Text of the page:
Lewis raised the bar for the OPP
When Chris Lewis turns in his Ontario Provincial Police badge in March, the men and women who serve under him will be losing more than a boss; they will be saying goodbye to a good friend. For Lewis, the OPP is family. No commissioner has been held in such high regard by those who serve under him, or as in one case, her. He is a cop’s cop, and then some. It has been a 35- year climb up the stairs to the commissioner’s office in 2010, but Lewis has never let the power and pomp of the office go to his head.
A good example of Lewis’ style came through loud and clear shortly after he took over command of the force from the flamboyant Julian Fantino. He showed up at Stormont, Dundas and Glengarry headquarters in Long Sault to meet with the troops with coffee and muffins in hand.
His knack for remembering names and faces of officers is nothing short of amazing. On his visit to Long Sault, he surprised a constable by calling him by his first name, despite the fact they had only met once before.
A few years ago when an OPP officer was killed in the line of duty, the next day in a letter distributed to the rank and file, he poured out his raw emotional feelings about the loss. It came from the heart. One officer told me he put down the letter down and cried.
“It was written by a man who cares for his people,” said the officer. “In this job, that means something.”
Lewis took heat from many in the media when he refused to send officers in to break up an Idle No More demonstration near his hometown of Sarnia. He reasoned that diplomacy was a better option rather than risking bloodshed. In the end, he was right.
He got his start as a young constable in Kapuskasing, then went to Smooth Rock Falls. While testifying at the Cornwall Public Inquiry, the judge joked that “Deputy Commissioner Lewis, with two postings like that you must have stood first in your ( graduation) class at police college.”
People who worked with Lewis over the years knew he was headed for the top.
Lewis spent considerable time in the Cornwall area as an inspector heading up an undercover operation aimed at out- ofcontrol smuggling.
As a superintendent, Lewis was back in this area, serving as chief of the Eastern Region. He then moved up to deputy commissioner in charge of field operations, working out of the Orillia headquarters.
Lewis is the first police officer to have been awarded all three levels of the Canadian Order of Merit of the Police Forces, presented by three successive governors- general.
When the federal government threw in the towel on the screwed up experiment with a civilian as RCMP commissioner, Lewis was on the short list, but as he put it, “I bleed ( OPP) blue.”
Ironically, instead of joining the RCMP he was instrumental in recruiting the highly- talented Mike McDonell, an RCMP deputy commissioner, to serve as commander of the OPP’s SD and G operation.
Too many times the line about leaving a big pair of shoes to fill is overused, but in this case it fits. Lewis raised the bar for the OPP. TRIVIA ANSWER St. Lawrence Breweries Ltd. was at the corner of Water and Augustus streets. The brewery, which at its peak produced 8,000 gallons of beer daily, was built in 1907 but later fell on hard times and closed in 1920. Town council had granted the brewery owners a 10- year property tax exemption. Years later the vacant building was converted to a storage facility for cheese. In its last years it was home to the Gordon ice plant.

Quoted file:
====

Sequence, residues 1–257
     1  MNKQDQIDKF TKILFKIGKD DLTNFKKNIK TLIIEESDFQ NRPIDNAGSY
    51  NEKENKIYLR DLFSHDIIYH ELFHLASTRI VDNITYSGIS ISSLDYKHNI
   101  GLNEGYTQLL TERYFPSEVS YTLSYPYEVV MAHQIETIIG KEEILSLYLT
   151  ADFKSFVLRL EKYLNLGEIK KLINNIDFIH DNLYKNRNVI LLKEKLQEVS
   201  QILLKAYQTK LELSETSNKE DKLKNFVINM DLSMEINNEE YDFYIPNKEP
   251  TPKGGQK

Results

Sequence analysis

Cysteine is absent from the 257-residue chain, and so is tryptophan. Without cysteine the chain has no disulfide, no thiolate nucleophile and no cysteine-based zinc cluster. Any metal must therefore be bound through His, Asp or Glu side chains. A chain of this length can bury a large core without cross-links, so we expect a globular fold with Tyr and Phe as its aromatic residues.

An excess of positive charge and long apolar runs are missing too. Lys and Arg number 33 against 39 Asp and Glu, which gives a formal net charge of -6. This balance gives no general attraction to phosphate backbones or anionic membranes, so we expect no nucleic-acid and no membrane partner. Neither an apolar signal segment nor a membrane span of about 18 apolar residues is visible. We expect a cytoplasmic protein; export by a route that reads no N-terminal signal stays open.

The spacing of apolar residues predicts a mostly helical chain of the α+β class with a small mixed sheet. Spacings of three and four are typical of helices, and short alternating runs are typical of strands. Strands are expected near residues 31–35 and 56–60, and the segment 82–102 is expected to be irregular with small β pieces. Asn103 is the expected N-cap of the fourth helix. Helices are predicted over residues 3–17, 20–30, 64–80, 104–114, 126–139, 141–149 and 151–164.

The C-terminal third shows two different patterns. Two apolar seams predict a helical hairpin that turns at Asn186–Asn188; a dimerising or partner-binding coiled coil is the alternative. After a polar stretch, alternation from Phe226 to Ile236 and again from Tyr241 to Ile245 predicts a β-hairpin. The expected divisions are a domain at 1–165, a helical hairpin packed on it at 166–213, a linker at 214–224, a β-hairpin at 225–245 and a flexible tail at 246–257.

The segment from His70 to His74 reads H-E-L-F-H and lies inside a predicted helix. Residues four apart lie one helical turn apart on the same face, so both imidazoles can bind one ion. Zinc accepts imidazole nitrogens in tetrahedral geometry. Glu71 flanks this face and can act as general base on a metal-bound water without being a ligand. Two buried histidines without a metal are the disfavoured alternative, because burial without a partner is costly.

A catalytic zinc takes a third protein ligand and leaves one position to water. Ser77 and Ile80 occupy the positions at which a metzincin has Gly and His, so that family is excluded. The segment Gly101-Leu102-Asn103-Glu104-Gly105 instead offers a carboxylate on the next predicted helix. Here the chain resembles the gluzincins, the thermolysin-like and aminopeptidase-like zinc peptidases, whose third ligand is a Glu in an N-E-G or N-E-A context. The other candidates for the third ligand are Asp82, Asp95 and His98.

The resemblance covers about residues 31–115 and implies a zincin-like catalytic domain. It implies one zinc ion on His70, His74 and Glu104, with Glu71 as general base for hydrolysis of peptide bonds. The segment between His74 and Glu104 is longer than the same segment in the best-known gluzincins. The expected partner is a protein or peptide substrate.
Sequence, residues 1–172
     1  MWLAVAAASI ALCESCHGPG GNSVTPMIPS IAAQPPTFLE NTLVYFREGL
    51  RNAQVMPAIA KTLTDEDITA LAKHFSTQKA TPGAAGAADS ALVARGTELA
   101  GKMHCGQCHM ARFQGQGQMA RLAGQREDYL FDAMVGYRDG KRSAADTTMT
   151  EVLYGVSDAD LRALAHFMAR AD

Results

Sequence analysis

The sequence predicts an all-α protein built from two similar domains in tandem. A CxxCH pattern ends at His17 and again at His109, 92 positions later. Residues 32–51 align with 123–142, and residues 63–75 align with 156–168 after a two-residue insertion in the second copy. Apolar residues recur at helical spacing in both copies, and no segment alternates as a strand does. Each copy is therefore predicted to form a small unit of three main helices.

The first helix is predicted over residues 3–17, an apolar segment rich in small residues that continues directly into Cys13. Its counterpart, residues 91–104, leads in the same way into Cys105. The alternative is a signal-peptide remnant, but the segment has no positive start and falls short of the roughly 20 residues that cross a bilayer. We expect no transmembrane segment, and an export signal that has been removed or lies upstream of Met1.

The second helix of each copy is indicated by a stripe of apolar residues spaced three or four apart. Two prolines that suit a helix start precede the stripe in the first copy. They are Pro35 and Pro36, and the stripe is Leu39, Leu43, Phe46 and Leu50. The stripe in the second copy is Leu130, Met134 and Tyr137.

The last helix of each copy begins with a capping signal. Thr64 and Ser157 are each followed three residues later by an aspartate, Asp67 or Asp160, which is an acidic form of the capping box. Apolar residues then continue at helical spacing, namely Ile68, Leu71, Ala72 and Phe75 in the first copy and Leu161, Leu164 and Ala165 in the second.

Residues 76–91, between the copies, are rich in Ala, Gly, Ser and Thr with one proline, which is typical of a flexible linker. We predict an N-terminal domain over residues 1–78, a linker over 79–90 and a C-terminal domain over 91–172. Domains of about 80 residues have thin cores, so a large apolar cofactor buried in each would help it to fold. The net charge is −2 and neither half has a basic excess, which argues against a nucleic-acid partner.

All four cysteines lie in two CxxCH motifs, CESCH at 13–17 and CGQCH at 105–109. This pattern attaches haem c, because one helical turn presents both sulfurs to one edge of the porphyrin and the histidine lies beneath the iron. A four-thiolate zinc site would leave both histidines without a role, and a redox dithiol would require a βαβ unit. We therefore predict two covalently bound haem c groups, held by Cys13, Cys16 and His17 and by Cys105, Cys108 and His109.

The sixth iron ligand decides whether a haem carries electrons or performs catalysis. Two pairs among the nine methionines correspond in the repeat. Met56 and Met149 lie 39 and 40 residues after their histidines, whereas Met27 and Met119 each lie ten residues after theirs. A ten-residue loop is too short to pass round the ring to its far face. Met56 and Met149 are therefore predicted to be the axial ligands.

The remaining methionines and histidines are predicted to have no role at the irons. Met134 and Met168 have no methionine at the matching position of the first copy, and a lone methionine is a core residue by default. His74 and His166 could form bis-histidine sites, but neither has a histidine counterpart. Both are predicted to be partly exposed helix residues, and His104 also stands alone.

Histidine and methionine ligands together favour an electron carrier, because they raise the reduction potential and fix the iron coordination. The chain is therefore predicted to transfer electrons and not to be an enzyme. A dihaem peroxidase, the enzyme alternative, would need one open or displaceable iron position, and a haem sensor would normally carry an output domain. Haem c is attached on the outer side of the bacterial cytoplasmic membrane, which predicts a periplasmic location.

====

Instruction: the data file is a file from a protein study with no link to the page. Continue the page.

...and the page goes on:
TRIVIA This Academy Award winning actress played one of the lead roles in a movie filmed at Upper Canada Village. Hint - She was once married to a future president of the United States. Bonus if you can name the actor who played the lead male role in the movie.
IN THE REAR- VIEW MIRROR Beaver Lumber on Second Street East. ... Gareau Cleaning and Dyeing at 51 Pitt St. ... Fit- Rite Shoe Store, 216 Pitt St. ... Stanford & Kennedy ( Established 1911) Wholesale, 150 Pitt St. ... Cliff McDonell International Trucks, Hudson and Packard cars, 436 Second St. W. ... The General 5 cent to $ 1 Store, 1 Marlborough St. S. ... People’s 5- 10- 15 cenet to $ 1 Store, 124 Pitt St. ... N. Miller & Sons scrap iron dealer, 513 Pitt St. ... Eastern Hardware Store ( G. H. Girard proprietor), 201 Montreal Rd. ... Wilson’s Wool Shop, Second Street West ( next to Capitol Theatre) ... The Colonial Coach bus terminal that was part of the Hotel Cornwallis, next door to that favourite hangout, Shirley’s Restaurant.
HERE & THERE Okay, so we had a frigid and snowy run- up to Christmas. The good news is that winter finally arrived on Dec. 21 and according to millionaire climate change gurus David Suzuki and Al Gore our winters are becoming more mild. So, break out the sun tan lotion and beach umbrellas. ... Mayor Bob Kilger ( again) confirmed during interview on Corus Radio that he will be in the October mayoral race. So far, no official challengers but Mark MacDonald did indicate several months back that he was planning to run. No other takers in the hopper at this point, albeit on his website the blogger “threatened” to run against the mayor. Ho- hum! For the mayor, that would be the election campaign gift that keeps on giving. .. ... Staffing at The Standard- Freeholder has been sliced so thin ( down to three editors, two general assignment reporters and one sports writer) Publisher Pete Padbury this year was able to cover the annual office Christmas luncheon with an extra- large pizza and large order of fries.
SEEN & HEARD The resounding praise for newly crowned SD and G warden Eric Duncan by MP Guy Lauzon at the Dec. 6 swearing in ceremony sure sounded like a solid endorsement for the person many believe will succeed the veteran Conservative MP when he retires, perhaps on the eve of the next election.
ONE LAST THING Life is a journey, so enjoy every mile.